dns and software, was Re: Reliable Cloud host ?

Joe Greco jgreco at ns.sol.net
Thu Mar 1 07:25:14 CST 2012

> On Wed, Feb 29, 2012 at 4:02 PM, Joe Greco <jgreco at ns.sol.net> wrote:
> > In the specific case of TTL, the problem is made much worse due to the
> > way most client code has hidden this data from developers, so that many
> > developers don't even have any idea that such a thing exists.
> >
> > I'm not sure how to see that a design failure of the TTL mechanism.
> Hi Joe,
> You shouldn't see that as a design failure of the TTL mechanism. It
> isn't. It's a failure of the system of which DNS TTL is a component.
> The TTL component itself was reasonably designed.

Think that's pretty much what I said.

> The failure is likened to installing a well designed sprinkler system
> (the DNS with a TTL) and then shutting off the water valve
> (gethostbyname/getaddrinfo).

No, the water still works as intended.  I think your analogy starts to
fail here.  It's more like expecting a water suppression system to put
out a grease fire.  The TTL mechanism is completely suitable for what
it was originally meant for, and in an environment where everyone has
followed the rules, it works fine.  If you take a light office space
with sprinklers and remodel it into a short order grill, the fire
inspector will require you to rework the fire suppression system to
an appropriate system.

Problem is, TTL is a relatively light-duty system that people have felt
free to ignore, overload for other purposes, etc., but there's no fire
inspector to come around and tell people how and why what they've done
is broken.  In the case of TTL, the system is even largely hidden from
users, so that it is rarely thought about except now and then on NANOG,
dns-operations, etc.  ;-)  No wonder it is even poorly understood.

> > I don't see developers ignoring DNS and hardcoding IP addresses into
> > code as a failure of the DNS system.
> It isn't. It's a failure of the sockets API design which calls on
> every application developer to (a) translate the name to a set of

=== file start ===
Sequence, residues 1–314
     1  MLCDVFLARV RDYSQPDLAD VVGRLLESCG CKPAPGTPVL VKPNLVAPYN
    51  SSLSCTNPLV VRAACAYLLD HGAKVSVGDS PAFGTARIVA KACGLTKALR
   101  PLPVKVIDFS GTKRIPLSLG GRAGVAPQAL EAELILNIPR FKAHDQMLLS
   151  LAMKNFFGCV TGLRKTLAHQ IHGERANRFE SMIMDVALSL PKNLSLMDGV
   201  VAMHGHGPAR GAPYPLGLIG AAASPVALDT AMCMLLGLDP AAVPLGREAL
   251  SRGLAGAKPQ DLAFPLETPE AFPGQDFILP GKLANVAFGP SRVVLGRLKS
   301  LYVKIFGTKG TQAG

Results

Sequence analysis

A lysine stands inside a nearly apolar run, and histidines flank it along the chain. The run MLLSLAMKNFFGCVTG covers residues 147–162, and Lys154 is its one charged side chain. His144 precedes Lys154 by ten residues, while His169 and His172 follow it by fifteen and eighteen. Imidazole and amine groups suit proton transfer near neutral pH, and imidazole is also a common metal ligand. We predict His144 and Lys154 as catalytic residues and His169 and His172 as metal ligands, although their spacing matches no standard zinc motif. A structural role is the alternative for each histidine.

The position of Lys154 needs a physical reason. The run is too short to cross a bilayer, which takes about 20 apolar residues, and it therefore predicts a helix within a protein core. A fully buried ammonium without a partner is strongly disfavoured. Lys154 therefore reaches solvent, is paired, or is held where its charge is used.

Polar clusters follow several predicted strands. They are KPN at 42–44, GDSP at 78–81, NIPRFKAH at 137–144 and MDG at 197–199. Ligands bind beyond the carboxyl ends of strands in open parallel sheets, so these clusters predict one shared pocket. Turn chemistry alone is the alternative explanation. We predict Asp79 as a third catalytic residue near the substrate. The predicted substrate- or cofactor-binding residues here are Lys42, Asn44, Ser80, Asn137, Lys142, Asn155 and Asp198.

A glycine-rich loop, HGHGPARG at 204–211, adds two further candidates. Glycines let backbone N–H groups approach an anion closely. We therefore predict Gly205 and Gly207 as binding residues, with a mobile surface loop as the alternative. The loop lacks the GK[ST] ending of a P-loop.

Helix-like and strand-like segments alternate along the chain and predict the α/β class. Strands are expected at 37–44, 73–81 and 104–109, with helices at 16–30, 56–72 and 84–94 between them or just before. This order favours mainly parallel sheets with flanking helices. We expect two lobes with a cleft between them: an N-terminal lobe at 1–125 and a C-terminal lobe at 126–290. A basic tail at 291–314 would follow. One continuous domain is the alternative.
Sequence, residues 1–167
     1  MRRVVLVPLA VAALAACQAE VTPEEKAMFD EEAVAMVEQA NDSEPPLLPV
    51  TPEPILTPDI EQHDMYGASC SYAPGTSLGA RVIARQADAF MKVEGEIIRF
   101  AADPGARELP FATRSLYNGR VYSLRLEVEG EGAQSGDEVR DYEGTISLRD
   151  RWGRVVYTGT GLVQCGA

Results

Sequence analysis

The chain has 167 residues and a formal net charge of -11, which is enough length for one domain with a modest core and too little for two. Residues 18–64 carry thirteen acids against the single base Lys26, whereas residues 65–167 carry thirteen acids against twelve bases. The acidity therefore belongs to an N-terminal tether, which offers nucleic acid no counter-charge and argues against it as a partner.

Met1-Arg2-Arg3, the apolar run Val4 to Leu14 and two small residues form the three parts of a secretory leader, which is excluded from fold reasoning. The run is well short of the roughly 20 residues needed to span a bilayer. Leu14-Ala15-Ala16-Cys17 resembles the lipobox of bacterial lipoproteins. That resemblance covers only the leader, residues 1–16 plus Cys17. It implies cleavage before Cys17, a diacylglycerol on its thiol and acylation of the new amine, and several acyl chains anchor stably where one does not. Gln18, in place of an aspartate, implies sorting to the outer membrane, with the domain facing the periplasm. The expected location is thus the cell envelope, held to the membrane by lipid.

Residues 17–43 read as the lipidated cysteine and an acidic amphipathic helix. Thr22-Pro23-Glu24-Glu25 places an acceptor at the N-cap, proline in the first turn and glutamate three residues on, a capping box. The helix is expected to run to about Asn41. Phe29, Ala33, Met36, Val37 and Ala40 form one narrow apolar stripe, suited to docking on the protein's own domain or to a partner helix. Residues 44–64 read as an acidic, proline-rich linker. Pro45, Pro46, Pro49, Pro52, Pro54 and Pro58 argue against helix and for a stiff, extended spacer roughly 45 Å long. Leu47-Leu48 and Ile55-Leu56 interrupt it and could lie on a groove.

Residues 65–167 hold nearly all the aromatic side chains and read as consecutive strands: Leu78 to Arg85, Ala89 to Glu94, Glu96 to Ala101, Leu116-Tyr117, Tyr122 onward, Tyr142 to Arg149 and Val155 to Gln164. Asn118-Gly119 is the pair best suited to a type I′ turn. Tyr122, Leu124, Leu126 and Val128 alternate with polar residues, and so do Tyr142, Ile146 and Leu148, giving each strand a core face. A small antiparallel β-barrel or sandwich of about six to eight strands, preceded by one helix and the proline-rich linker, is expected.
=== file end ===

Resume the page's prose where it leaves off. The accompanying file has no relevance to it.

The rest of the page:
> addresses with a mechanism that discards the TTL knowledge and (b)
> implement his own glue between name to address mapping and connect by
> address.
> It would be like telling an app developer: here's the ARP function and
> the SEND function. When you Send to an IP address, make sure you
> attach the right destination MAC. Of course the app developer gets it
> wrong most of the time.

That's correct - and it doesn't imply that the system that was engineered
is faulty.  In all likelihood, the fault lies with what the app developer
was told.

You originally said:

"If three people died and the building burned down then the sprinkler
system didn't work. It may have sprayed water, but it didn't *work*."

That's not true.  If it sprayed water in the manner it was designed to,
then it worked.  If three people took sleeping pills and didn't wake up
when the alarms blared, and an arsonist poured ten gallons of gas
everywhere before lighting the fire, the system still worked.  It failed
to save those lives or protect the building from burning down, but I
am aware of no fire suppression systems that realistically attempts to
address that.  It is an unreasonable expectation.

I have a hard time seeing the many self-inflicted wounds of people who
have attempted to abuse TTL for various purposes as a failure of the TTL
design.  The design is reasonable.

... JG
Joe Greco - sol.net Network Services - Milwaukee, WI - http://www.sol.net
"We call it the 'one bite at the apple' rule. Give me one chance [and] then I
won't contact you again." - Direct Marketing Ass'n position on e-mail spam(CNN)
With 24 million small businesses in the US alone, that's way too many apples.

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